8 Liquidity Risk Management Page credit facilities, liquidity lines, other obligations to extend credit during the relevant period, etc. 13. Assumptions to be applied in calculating the minimum liquidity ratio: (a) The net expected cash outflow shall be calculated to a term of one month ahead under stress scenarios. (b) The stress scenarios shall reflect three types of scenarios: market-wide stress, idiosyncratic stress, and a combination of the two. (c) A banking corporation shall define stress scenarios so that, at the very least: (1) each of the three elements referenced in Section 12 shall be subjected to stress; (2) the stress scenarios shall be severe but plausible; (3) the scenarios shall be consistent with other stress scenarios that the banking corporation uses, so as to assure consistency in risk management. (d) The net expected outflow shall be greater than zero in all stress scenarios. (e) It bears emphasis that even though the minimum liquidity ratio is calculated to a term of one month ahead as stated above, the banking corporation shall ensure that the liquidity cushion that it holds is large enough to meet liquidity needs (net expected outflow) during the month as well, under various scenarios that it specifies. 14. Basis for calculating the minimum liquidity ratio: (a) The minimum liquidity ratio shall be calculated on a non-consolidated basis, including overseas branches. (b) In calculating the minimum liquidity ratio, the banking corporation shall take into account, inter alia, liquidity needs flowing from (contractual) obligations to provide liquidity to subsidiaries in the group and from other kinds of liquidity support that it may provide them where necessary. (c) When an overseas branch holds adequate liquid resources of its own in accordance with regulatory requirements in its country of operation, the corporation may present the Supervisor with a written request to exclude this branch from the minimum liquidity ratio calculation. 15. Minimum liquidity ratio by currency:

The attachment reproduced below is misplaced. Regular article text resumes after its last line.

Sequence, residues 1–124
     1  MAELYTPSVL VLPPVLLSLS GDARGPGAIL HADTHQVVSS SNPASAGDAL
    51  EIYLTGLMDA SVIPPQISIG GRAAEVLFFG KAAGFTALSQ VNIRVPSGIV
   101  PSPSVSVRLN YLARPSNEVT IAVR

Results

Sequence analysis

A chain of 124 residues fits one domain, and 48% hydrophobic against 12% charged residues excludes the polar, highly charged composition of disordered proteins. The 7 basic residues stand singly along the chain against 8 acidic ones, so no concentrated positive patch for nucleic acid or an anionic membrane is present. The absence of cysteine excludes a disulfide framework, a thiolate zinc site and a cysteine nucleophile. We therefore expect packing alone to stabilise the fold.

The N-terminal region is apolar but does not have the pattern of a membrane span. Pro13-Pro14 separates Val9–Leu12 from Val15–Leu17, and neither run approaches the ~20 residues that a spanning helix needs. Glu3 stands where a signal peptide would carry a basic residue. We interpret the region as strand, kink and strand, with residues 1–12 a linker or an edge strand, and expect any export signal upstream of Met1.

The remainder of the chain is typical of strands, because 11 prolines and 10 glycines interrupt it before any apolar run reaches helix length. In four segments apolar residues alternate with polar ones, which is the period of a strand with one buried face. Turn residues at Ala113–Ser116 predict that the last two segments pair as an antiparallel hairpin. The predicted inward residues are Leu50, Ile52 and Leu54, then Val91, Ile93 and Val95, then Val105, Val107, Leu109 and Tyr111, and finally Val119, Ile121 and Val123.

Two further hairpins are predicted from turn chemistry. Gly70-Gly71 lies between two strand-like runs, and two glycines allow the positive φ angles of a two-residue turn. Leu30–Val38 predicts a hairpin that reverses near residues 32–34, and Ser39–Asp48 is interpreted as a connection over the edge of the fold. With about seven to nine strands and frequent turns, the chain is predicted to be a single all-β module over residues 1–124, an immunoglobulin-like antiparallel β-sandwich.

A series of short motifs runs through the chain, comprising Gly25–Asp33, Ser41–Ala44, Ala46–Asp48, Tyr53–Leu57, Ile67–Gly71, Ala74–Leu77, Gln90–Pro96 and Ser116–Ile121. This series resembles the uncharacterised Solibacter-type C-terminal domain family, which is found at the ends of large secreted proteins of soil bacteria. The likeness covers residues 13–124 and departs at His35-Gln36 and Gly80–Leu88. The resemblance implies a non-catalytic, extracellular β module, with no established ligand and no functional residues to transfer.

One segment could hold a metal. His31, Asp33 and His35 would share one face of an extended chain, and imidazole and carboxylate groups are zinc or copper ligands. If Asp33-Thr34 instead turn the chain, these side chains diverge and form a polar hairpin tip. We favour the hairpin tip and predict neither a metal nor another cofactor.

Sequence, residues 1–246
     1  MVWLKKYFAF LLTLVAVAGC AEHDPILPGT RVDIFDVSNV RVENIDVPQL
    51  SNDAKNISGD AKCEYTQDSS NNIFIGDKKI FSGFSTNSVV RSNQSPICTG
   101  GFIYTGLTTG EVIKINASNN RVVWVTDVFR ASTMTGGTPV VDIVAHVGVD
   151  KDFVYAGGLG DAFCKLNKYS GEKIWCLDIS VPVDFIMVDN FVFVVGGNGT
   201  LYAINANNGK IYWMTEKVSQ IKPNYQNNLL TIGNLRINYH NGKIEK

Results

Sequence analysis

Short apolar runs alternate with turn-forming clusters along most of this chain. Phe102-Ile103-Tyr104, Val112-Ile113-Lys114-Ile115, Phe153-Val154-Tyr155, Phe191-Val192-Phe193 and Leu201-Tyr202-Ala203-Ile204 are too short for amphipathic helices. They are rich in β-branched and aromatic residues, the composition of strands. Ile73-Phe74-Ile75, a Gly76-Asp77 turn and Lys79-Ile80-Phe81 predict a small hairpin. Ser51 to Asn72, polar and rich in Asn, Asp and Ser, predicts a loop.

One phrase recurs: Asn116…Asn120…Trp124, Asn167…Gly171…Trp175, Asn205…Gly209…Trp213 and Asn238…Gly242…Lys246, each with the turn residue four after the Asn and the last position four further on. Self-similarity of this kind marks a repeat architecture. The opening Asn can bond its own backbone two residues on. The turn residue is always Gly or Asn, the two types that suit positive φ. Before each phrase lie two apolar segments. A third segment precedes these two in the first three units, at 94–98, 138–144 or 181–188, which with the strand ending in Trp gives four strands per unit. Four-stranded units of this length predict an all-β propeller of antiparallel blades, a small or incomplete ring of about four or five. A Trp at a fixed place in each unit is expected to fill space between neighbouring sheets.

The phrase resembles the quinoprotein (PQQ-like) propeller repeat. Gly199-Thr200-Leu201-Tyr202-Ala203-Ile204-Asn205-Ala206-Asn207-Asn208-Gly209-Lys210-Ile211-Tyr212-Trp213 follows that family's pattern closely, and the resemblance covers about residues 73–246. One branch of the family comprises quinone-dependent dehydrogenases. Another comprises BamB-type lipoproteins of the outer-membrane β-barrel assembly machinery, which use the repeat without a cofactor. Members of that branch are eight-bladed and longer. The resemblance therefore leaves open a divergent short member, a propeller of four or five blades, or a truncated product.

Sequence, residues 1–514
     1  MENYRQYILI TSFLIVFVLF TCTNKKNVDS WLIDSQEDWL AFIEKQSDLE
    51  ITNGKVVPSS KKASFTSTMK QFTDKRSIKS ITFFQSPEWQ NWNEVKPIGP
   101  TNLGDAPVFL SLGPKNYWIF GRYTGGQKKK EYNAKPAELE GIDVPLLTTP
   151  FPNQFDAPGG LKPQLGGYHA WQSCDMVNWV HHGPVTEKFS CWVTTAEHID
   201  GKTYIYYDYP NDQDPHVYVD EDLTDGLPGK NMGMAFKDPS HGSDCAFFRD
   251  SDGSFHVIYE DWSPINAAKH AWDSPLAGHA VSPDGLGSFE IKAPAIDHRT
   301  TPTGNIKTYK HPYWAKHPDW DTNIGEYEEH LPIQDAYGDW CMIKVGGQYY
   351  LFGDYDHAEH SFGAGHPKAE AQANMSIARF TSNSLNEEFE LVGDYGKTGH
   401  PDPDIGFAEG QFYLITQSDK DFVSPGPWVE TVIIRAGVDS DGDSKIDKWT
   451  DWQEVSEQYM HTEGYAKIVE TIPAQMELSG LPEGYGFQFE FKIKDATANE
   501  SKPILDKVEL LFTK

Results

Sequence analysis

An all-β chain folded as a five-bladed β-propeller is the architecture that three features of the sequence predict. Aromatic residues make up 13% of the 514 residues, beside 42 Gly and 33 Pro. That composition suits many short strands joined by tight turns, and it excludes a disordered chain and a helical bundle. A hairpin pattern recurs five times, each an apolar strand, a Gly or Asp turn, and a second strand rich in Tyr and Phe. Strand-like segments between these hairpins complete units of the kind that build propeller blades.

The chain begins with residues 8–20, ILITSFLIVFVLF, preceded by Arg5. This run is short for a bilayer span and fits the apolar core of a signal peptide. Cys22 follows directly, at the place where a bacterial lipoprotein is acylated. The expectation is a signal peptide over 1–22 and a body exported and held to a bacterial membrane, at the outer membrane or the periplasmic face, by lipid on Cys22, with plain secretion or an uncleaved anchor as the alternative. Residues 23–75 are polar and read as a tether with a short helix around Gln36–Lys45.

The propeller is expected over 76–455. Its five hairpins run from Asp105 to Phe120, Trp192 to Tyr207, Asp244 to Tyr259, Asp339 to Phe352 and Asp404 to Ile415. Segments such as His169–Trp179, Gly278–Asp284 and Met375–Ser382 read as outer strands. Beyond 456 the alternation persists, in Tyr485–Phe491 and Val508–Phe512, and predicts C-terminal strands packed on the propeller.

9 Liquidity Risk Management Page (a) (b) (c) (d) The minimum liquidity ratio shall be calculated for the entirety of the banking corporation s activity and for that in foreign currencies separately. It shall be taken into account that the ability to swap currencies generally, and between shekels and foreign currency particularly, may be significantly impaired in stress situations and that significant changes in exchange rates are liable to affect the size of the liquidity cushion. In calculating the minimum liquidity ratio in foreign currency, reliance on future ability to swap between shekels and foreign currency shall not be allowed. When calculating the minimum liquidity ratio in foreign currency, exposures to the Government of Israel denominated in foreign currency that the government may settle in shekels if it finds it difficult to raise foreign currency, and exposures to the Bank of Israel denominated in foreign currency that the Bank of Israel may, based on an agreement with or unilateral notice from the banking corporation, settle in shekels if it finds it difficult to raise foreign currency at the time they fall due, shall not exceed, cumulatively, 20% of the liquidity cushion in the market-wide stress and the combined stress scenarios. Stable funding ratio 16. A banking corporation shall monitor the ratio of its total stable funding sources, i.e., existing funding sources that are of high probability to be available to the corporation to a horizon of one year (and more), to its total long-term assets, i.e., existing assets that the bank is expected to have to continue funding to a horizon of one year (and more) (hereinafter: stable funding ratio ). (a) A banking corporation shall determine suitable definitions of stable funding sources and long-term assets, assumptions to be used in calculating them under scenarios of ordinary course of business and stressed conditions, and a stable funding ratio target that will take account of the banking corporation s activity profile and liquidity needs. (b) A banking corporation shall also monitor a stable funding ratio that takes account of its business plans to a horizon of one year ahead in order to determine how its business plans will affect its liquidity profile.